Memorial Day, which is observed on the last Monday of May, commemorates the men and women who died while in the military service. In observance of the holiday, many people visit cemeteries and memorials, and volunteers often place American flags on each grave site at national cemeteries. http://www.va.gov/opa/speceven/memday/
Sunday, May 12 is Mother’s Day – a holiday that honors mothers for their love and dedication to their families. Mother’s Day is celebrated on the second Sunday in May each year. Here are some fun Mother’s Day projects from Kid News and Family Fun Magazine.
To download the page click here
(Note: If you are going to print the page, check the fit to page setting on your printer. The page is bigger than letter size.)
Cinco de Mayo is a national holiday in Mexico, but it is also widely celebrated by Mexican-Americans in the United States. The holiday, which in Spanish means the “Fifth of May,” commemorates the Battle of Puebla, when Mexican patriots stopped a French invasion. It often is confused with Mexico’s Independence Day, which is Sept. 16.
The Battle of Puebla victory was significant in that the smaller, less well-equipped army toppled the bigger, stronger one.
To honor the day, people throughout Mexico, as well as many cities throughout the United States, celebrate with festivals and fiestas, enjoying traditional Mexican food and special music and dances. People often don clothes of red and green — two of the colors of the Mexican flag (along with white). -McClatchy Newspapers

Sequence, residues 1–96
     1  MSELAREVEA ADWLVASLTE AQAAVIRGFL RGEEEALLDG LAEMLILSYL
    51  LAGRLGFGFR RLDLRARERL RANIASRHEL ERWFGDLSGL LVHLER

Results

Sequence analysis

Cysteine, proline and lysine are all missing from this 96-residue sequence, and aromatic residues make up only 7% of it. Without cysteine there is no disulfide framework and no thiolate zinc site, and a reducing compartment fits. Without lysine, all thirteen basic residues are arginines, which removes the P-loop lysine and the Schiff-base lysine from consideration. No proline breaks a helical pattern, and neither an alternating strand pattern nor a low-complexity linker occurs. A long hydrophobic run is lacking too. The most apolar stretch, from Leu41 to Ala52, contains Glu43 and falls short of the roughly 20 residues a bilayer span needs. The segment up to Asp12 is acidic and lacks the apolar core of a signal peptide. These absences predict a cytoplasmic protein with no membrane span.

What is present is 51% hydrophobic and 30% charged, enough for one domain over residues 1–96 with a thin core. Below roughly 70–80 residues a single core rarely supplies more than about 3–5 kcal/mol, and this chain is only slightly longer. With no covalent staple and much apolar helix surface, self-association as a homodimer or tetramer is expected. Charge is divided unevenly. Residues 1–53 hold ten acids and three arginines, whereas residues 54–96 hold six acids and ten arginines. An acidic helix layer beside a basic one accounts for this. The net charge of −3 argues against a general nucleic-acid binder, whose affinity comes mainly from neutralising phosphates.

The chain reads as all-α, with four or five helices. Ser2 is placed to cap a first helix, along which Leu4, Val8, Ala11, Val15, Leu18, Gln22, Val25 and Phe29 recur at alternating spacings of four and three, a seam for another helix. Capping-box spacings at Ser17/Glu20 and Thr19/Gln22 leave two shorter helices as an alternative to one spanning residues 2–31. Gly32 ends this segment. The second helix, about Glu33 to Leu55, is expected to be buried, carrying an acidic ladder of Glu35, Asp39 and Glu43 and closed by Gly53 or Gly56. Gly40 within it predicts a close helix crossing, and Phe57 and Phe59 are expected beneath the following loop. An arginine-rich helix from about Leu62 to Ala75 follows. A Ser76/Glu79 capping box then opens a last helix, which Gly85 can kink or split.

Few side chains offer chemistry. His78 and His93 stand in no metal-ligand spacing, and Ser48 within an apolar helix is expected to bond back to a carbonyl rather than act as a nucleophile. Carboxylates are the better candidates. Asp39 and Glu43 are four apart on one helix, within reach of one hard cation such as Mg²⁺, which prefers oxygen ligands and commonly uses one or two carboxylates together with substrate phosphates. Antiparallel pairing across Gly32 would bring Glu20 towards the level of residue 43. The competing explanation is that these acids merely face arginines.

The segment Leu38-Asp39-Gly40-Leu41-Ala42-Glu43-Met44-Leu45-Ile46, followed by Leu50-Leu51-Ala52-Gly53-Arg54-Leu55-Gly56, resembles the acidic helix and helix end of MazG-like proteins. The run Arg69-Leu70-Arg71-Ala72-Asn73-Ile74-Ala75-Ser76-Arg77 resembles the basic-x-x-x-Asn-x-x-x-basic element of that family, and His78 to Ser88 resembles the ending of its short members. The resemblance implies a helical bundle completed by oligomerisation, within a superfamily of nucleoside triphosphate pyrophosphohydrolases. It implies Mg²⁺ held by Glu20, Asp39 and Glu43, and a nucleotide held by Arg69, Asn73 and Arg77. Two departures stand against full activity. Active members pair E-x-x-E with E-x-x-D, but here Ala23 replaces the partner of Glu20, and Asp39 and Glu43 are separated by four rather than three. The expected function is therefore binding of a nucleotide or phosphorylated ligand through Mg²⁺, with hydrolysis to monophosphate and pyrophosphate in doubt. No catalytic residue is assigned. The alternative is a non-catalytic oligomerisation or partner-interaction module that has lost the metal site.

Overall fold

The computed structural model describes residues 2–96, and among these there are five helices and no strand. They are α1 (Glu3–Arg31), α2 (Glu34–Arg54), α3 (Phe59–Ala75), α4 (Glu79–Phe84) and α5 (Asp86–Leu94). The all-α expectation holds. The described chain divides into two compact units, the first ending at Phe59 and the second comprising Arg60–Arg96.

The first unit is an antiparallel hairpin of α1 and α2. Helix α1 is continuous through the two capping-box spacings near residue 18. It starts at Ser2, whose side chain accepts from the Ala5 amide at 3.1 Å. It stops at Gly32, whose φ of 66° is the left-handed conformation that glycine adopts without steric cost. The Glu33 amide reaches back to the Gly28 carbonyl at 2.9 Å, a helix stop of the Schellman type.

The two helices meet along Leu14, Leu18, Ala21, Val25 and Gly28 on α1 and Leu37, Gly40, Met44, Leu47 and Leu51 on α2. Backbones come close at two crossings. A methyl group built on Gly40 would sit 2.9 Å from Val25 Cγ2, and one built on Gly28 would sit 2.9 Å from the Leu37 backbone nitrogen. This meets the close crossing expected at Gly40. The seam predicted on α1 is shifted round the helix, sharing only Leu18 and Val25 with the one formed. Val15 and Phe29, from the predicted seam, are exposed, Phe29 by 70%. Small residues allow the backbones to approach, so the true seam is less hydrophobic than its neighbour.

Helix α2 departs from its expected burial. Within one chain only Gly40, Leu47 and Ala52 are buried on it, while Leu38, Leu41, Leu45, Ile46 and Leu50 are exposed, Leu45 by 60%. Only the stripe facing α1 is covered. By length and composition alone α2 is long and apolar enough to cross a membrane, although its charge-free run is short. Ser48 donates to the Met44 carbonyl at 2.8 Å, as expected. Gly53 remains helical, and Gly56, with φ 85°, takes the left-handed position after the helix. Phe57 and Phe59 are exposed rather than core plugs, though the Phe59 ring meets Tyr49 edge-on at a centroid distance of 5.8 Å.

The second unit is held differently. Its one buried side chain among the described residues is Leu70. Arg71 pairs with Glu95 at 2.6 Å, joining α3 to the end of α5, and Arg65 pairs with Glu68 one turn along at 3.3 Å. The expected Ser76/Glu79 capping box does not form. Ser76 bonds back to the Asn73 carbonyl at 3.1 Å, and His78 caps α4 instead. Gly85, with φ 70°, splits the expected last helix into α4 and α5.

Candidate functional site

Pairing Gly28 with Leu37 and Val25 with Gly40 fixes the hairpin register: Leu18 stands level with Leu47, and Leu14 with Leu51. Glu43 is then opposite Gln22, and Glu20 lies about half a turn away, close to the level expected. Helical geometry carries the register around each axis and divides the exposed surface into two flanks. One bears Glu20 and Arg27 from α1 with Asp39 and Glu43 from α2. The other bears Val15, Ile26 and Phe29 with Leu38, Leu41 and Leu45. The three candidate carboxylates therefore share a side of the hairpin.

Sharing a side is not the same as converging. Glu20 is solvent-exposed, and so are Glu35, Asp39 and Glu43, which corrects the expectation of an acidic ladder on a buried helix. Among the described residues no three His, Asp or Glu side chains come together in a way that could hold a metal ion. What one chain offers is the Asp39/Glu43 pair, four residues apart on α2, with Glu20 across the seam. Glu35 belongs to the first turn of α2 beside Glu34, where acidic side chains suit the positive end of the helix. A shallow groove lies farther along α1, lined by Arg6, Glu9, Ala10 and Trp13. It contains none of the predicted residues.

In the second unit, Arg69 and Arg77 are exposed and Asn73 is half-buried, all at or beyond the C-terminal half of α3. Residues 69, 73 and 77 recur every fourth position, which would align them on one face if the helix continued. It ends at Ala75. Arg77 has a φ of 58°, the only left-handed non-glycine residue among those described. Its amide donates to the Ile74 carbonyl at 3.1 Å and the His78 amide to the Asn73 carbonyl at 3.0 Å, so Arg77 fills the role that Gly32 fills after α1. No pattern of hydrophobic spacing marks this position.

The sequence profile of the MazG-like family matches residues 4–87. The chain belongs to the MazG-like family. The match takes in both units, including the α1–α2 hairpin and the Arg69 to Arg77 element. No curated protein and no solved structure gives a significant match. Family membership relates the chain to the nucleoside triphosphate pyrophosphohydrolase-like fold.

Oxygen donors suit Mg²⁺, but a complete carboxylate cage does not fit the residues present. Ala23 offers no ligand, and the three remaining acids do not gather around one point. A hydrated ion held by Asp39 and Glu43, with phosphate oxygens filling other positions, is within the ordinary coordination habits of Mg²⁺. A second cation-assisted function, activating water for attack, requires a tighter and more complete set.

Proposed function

ACTIVITIES from the KRP Ultimate Holiday Activity Guide
While most Mexican-Americans celebrate the traditional American holidays, many also continue to observe the major holidays of their homeland, such as Cinco de Mayo. Often, they do so with fiestas. Explain to students that fiesta means festival, a colorful celebration that can include fireworks, dancing, the ringing of bells, parades, and plenty of food and drink. Another Mexican tradition, the pinata, is also usually present. Pinatas, which are commonplace in many American celebrations, are usually made of papier-mache and are shaped like animals. Find a papier-mache “recipe” and old newspapers and help your students make a pinata for Cinco de Mayo. Display their work throughout the school.
Discuss other ways Mexican-Americans have had an influence on American society and your community. Ask students to find and clip newspaper stories and photos that illustrate this influence. They can create a bulletin board display in honor of this important Mexican national holiday.
Mexico is an important American neighbor. Things that happen in Mexico often affect the United States and vice versa. Have students look for a news story about an event or happening in Mexico that will have an impact on the United States. Allow them to discuss their conclusions. Then have them look for a U.S. story that might have an effect on Mexico.